Now it supports LTE, will Google's flagship smartphone get picked up by the likes of Telstra?
Google has officially released the Nexus 5 smartphone running Android 4.4 KitKat. It's a major update to last year's Nexus 4, but the inclusion of LTE mobile broadband is probably the most significant improvement. The lack of LTE support in the Nexus 4 meant it couldn't tap into Australia's new super-fast 4G networks, which can hit download speeds of 60 Mbps second. Instead Nexus 4 users were stuck on the highly congested 3G networks.
The Nexus 4 was as rare as hens' teeth for a long time, because it was the best value for money smartphone that money could buy – flagship hardware with a budget price tag. The Nexus 5 follows in that tradition and it's likely to sell out very quickly on Australia's Google Play store today, where it's available outright at $399 for 16 gigabytes (GB) or $449 for 32GB. The first batch of 32GB handsets has already sold out, with the delivery date now slipping from two days to two weeks.
Hopefully Google has ramped up production and put a few aside for Australia so we don't have a repeat of the frustrating Nexus 4 launch where we had to wait weeks for each new batch only to have them sell out in minutes.
We can expect the Nexus 5 to come to retail stores eventually, such as Harvey Norman's deal on the Nexus 4. This deal, in conjunction with Optus, was actually the only way to buy the Nexus 4 on a plan. Optus wouldn't even sell it to you directly. There's no indication of how long we'll have to wait for the Nexus 5 to be available anywhere other than the Google Play store. According to LG, which makes the handset for Google: "Further information on the retail launch date, operator partner, pricing and sales channels will follow on completion of local network testing." The Nexus 5 spec sheet indicates that retailers will only have access to the 16GB model.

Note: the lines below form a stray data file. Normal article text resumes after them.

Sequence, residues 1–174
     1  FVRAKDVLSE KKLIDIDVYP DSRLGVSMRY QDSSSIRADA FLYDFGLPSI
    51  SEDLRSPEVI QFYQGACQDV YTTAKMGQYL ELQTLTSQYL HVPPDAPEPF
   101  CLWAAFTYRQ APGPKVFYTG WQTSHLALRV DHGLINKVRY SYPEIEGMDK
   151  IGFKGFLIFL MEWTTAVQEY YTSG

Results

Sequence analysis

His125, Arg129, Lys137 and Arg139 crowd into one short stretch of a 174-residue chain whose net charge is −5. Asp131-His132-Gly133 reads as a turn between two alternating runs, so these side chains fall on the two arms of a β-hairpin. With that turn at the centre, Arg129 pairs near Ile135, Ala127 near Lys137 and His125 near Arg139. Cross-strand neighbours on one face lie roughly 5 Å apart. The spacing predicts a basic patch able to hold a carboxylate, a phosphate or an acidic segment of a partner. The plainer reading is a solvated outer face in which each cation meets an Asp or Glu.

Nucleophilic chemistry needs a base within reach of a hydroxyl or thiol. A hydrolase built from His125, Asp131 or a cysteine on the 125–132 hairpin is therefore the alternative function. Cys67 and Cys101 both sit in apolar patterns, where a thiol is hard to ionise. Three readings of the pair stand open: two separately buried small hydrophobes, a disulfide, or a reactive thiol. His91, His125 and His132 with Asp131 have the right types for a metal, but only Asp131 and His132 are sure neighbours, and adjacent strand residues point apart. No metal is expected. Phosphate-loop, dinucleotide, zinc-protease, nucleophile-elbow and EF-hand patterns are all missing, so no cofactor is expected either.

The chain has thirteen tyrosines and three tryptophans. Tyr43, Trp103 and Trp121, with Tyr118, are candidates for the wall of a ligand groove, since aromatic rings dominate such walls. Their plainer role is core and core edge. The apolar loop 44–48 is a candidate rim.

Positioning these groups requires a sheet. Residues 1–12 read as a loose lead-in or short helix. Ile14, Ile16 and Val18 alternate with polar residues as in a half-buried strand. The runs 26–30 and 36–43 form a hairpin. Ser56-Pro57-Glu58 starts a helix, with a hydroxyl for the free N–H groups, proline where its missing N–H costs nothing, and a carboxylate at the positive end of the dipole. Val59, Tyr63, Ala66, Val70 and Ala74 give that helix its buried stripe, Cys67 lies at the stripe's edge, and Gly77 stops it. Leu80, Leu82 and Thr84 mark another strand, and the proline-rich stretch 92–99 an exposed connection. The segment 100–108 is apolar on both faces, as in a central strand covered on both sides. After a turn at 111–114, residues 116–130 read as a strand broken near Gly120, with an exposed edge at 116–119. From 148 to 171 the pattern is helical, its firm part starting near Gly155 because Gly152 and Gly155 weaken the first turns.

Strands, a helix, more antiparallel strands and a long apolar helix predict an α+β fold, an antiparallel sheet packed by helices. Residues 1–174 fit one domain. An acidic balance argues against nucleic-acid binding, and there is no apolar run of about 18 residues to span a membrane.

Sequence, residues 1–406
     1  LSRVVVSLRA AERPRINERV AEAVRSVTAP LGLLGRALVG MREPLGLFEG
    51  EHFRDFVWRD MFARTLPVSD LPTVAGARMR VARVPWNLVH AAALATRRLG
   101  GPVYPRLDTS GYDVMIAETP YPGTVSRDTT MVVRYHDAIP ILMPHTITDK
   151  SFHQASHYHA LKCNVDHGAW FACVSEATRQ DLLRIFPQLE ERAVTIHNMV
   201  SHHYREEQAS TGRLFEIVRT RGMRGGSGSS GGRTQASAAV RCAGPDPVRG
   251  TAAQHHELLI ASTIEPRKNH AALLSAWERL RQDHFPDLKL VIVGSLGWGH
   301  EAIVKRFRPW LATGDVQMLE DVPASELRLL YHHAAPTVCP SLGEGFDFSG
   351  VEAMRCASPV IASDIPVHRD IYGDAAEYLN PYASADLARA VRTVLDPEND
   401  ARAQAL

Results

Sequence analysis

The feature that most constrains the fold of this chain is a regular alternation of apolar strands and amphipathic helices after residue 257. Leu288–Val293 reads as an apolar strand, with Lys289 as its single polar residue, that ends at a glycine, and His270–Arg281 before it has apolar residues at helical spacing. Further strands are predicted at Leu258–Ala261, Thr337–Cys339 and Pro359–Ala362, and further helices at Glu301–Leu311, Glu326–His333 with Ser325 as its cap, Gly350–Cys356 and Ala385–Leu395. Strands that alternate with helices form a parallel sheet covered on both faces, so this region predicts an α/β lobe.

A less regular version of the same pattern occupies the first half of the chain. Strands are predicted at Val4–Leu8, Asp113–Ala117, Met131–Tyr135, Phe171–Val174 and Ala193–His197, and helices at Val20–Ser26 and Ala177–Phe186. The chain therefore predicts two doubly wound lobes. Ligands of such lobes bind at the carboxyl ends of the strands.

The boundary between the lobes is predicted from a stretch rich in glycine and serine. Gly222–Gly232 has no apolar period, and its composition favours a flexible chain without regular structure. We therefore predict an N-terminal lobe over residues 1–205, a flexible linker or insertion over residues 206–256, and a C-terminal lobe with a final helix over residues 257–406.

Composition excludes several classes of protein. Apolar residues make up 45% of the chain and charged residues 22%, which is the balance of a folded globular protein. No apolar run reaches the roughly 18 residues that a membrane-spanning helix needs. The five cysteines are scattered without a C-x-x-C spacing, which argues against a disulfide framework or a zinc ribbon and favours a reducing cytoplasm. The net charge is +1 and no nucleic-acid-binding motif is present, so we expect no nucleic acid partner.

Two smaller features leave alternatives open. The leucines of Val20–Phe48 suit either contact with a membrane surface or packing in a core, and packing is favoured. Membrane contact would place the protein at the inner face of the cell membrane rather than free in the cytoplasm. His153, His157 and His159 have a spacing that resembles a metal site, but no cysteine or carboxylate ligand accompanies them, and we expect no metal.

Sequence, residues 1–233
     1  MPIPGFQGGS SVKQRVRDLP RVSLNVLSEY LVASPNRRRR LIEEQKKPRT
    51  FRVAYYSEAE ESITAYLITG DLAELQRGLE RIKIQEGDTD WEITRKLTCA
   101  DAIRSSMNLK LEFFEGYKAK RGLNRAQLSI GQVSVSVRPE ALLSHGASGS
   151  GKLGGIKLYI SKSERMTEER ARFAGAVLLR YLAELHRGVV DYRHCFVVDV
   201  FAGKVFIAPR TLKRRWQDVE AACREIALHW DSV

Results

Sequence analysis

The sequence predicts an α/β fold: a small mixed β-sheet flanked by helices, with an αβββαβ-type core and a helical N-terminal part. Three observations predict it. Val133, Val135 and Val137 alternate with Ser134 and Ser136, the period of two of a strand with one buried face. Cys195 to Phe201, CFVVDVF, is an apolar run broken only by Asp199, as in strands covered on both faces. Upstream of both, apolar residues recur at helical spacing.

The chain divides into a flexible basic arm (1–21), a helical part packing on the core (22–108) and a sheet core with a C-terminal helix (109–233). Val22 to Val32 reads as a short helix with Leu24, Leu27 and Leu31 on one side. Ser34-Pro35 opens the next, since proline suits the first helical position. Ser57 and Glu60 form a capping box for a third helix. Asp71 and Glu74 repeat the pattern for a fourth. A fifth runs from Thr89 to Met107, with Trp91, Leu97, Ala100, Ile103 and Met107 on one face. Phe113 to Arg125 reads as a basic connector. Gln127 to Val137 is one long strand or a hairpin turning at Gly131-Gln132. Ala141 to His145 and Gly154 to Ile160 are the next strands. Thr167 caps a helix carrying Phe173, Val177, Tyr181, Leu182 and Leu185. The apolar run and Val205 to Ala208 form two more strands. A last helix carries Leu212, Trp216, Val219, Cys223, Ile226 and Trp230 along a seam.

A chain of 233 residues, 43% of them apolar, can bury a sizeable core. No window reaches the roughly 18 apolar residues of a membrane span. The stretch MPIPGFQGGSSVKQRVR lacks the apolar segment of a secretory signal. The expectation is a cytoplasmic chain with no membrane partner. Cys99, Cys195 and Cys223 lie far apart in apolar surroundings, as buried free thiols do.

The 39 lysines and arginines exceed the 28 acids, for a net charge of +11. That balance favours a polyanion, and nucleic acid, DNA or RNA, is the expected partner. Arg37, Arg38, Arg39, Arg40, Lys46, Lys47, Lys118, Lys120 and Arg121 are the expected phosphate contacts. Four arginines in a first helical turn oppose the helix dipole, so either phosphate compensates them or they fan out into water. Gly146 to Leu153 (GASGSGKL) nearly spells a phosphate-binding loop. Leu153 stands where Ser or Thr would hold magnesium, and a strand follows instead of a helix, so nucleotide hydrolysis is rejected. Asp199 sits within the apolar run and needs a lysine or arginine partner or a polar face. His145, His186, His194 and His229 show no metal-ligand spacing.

As far as I know, no Australian telco ever directly offered the Nexus 4 on a contract. This might be due in part to animosity between Google and the telcos over the budget pricing and Google's decision to sell it direct. But the Nexus 4's lack of LTE was also a major drawback, especially for Telstra. It's keen to shift customers to 4G to ease the load on its 3G network, so it's obviously not keen to sell non-4G handsets. Now that the Nexus 5 supports LTE it was be interesting to see whether Telstra gets onboard, or whether its objection to selling the budget Nexus goes beyond simple network compatibility.
The official word from Telstra is:
Telstra always endeavours to bring the latest technology to our customers and is currently investigating including the Nexus 5 with Android 4.4, KitKat operating system in its range. Customers who would like to be kept informed can register their interest at www.telstra.com.au/nexus
Are you keen on Google's Nexus 5? Are you happy to buy it outright or do you want it on a plan?